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Horse Park Board Votes In New Director

Samantha Lederman

The shakeup continues at the Kentucky Horse Park as the newly-reconstituted park commission chooses a new executive director.

As expected, the current head – Jamie Link, former deputy chief of staff for Gov. Steve Beshear – will exit the top post at the park after his contract expires at the end of June, according to the Lexington Herald-Leader. Taking over the reins will be Laura Prewitt, who oversaw the city’s Breeder’s Cup Festival last year.

This week the park's governing commission became only the latest board to undergo a reorganization under Gov. Matt Bevin. Since taking office, the Republican governor has removed the chairman of the state retirement system board and reshuffled the Kentucky State Fair Board. The goal, the chief executive maintains, is to root out entrenched interests that haven’t served Kentucky well.

"The bottom line is everything I'm doing I have the authority to do. I'm going to keep doing it," the governor told cn|2. "I was elected to clean this state up. Many of these things are an absolute mess."

One casualty of the governor's most recent action was former first lady Jane Beshear's appointment to an unpaid seat on the horse park board. Beshear's husband, former Gov. Beshear, placed his wife on the board shortly before leaving office last December. The ousted appointee has suggested to the Courier-Journal that Bevin has an "unfavorable view" of the preceding administration.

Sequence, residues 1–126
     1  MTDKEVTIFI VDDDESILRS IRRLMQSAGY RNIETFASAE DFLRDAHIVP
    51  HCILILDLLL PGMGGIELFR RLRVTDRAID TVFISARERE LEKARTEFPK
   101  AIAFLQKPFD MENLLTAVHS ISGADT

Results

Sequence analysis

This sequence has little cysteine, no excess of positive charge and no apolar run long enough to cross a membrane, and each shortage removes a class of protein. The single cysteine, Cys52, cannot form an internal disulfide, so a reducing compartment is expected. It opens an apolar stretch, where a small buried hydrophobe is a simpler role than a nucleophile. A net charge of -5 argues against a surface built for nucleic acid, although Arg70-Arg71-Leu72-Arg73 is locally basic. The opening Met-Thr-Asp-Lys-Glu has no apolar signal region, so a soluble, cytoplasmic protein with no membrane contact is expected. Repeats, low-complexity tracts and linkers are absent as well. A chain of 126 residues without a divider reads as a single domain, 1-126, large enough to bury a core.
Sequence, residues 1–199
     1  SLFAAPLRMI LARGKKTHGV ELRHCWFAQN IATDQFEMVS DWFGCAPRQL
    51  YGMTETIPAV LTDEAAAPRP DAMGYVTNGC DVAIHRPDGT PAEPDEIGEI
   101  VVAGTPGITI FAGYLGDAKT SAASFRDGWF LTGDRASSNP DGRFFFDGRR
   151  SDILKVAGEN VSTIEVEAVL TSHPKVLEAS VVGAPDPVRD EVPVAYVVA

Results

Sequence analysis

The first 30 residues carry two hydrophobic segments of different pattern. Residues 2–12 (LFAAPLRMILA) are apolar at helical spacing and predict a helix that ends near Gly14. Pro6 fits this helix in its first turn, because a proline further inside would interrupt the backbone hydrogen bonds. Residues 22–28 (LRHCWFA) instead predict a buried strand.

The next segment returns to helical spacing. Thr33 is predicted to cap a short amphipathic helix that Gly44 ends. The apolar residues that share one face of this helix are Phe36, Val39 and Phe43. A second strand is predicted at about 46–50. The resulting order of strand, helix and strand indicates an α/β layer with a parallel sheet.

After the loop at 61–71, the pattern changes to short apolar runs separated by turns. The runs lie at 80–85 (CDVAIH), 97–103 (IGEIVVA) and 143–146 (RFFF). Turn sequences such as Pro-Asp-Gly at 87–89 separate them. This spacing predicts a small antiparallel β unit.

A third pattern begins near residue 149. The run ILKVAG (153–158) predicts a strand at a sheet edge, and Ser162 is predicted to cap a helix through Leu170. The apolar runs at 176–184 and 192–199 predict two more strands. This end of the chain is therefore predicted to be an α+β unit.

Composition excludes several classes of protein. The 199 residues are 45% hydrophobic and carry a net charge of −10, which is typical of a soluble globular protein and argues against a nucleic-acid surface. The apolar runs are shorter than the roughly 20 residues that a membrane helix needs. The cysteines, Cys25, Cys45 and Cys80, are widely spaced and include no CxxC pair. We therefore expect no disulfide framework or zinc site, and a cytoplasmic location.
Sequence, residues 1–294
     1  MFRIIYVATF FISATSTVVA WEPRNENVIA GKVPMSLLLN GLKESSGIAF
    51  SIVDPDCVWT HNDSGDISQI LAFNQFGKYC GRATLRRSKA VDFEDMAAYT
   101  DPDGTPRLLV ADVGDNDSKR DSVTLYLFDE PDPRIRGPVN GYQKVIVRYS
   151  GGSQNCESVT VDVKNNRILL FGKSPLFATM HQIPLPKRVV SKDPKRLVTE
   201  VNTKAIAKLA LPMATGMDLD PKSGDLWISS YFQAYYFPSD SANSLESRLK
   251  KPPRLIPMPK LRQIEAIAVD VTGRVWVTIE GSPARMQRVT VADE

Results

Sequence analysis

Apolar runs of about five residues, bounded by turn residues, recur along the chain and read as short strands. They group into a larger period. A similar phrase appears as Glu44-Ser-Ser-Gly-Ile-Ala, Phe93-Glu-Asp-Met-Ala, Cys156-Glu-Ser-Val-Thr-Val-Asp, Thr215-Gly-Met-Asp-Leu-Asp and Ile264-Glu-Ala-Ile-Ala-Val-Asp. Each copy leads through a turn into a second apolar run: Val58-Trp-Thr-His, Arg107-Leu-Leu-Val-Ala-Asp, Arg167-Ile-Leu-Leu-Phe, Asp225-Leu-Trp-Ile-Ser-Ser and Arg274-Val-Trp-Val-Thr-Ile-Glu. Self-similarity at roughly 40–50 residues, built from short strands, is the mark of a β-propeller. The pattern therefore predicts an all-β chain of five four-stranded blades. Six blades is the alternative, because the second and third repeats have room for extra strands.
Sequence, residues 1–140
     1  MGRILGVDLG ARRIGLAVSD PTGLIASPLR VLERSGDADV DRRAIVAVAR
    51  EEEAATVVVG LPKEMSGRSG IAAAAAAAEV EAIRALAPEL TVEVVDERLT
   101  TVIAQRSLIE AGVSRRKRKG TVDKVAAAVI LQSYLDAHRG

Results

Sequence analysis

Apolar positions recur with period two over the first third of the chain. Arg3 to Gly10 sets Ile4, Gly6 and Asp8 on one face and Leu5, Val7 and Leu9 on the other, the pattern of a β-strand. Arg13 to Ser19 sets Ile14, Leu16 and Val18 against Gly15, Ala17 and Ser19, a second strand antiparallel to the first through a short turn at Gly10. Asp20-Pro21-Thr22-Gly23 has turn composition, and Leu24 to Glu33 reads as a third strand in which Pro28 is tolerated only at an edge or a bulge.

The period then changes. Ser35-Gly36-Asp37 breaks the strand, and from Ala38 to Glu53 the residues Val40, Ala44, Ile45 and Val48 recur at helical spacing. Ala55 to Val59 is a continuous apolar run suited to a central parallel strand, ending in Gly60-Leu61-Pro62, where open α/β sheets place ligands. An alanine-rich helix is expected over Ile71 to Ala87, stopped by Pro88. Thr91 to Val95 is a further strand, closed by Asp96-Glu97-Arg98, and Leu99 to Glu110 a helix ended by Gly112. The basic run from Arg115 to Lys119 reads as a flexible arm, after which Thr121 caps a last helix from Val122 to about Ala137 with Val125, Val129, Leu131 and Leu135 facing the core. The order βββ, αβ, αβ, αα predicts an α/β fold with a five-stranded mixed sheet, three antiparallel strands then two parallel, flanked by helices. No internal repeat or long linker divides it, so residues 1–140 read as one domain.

"At some point, I think the Beshears will realize they're no longer in charge. They seem hung up on the idea of staying around," Bevin responded, again speaking with cn|2. "She's one of a dozen people who's no longer on that board. For her to think it's all about her, it sort of says a lot I think."

Prewitt has yet to negotiate her new contract with the horse park.

Josh James fell in love with college radio at Western Kentucky University's student station, New Rock 92 (now Revolution 91.7). After working as a DJ and program director, he knew he wanted to come home to Lexington and try his hand in public radio.
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